Execution is actually the primary investment criterion. Seventy percent (70%) of the decision is based on management and only thirty percent (30%) for the idea. So execution weighs more heavily than the idea itself.

The ability to sell/network

If you’re so concerned about protecting your proprietary information, then you should be able to pitch your idea to investors without divulging the recipe to your secret sauce. Ideas are a dime a dozen. Those which are worth stealing are hard to come by. They are few and far between. If your idea is really worth stealing, enticing investors without giving away your secret is your only option.

Investors don’t look at deals so they can steal ideas. They look at deals to see which are fundable. Indeed, investors are looking for the next Google, Apple, or Microsoft. But without execution, your idea is just an idea. That and $5 will buy you a cup of coffee at Starbucks. Ultimately, your ability to sell ideas, to network, and to execute is what investors find the most attractive. A definite indication that your project is worth investing.

Thursday, July 22, 2010

Quality of Deal Source, Why It is Important to Investors

To sell your product, you must understand the market. To get funding, you must understand the investors.

You probably have a stellar idea and a solid business plan, but you can't seem to get investors interested in you. You've already sent out hundreds of proposals, scoured websites and submitted business plans, and even have deals shopped. Still, nothing.

It's disheartening, but take courage. It's really a matter of knowing what to do and what not to do.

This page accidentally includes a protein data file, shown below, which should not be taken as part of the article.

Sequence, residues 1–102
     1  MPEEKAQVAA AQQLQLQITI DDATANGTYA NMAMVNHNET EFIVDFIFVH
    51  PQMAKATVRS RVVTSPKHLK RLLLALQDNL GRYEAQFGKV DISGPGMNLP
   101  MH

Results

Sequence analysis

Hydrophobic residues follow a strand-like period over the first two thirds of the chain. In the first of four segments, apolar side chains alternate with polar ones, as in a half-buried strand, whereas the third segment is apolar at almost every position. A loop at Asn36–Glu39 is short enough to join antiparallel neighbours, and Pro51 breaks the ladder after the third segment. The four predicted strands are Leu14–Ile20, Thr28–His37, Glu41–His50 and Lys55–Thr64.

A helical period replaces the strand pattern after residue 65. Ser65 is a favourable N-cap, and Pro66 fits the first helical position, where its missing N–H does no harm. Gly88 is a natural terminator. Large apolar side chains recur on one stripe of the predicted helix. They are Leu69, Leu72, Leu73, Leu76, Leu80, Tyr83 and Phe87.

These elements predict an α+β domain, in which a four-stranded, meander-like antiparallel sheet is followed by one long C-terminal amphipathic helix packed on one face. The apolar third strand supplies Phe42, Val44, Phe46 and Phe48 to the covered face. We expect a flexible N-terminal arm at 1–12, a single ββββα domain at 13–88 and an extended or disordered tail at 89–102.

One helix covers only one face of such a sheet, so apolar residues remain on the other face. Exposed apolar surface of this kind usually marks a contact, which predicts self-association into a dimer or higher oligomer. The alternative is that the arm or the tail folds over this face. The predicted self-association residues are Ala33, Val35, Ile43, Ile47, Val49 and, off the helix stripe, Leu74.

First, you have to know that the scattershot approach is really an exercise in futility. Like shooting blindly in the dark. You won't get results.

Investors work within certain parameters and in order to get to them, you must know where and how they operate. Here are a few important things you should know about investors:

Investors are very busy people.

Believe it or not, they don't sit around all day wondering what to do with their money. They have a lot of things to attend to: sit on boards, work on existing pipelines, attend conferences, manage funds, etc. They have around 10 meetings in a day. Though not all of them are with entrepreneurs. And those that are rarely result in funding (less than 1%).

Investors don't read every business plan that comes along their way. They are constantly inundated with deals so they have to screen them. The deal screening process is very similar to the “American Idol.” There are thousands of hopeful applicants but in the end only one will be proclaimed as the “American Idol.” In the same breath, investors receive hundreds of deals a month. It’s foolhardy to go through each one of them so they try to get rid as much as possible to save time and effort. They select a few which they feel have merit and fit their investment criteria. And out of the few only one will ultimately get funded.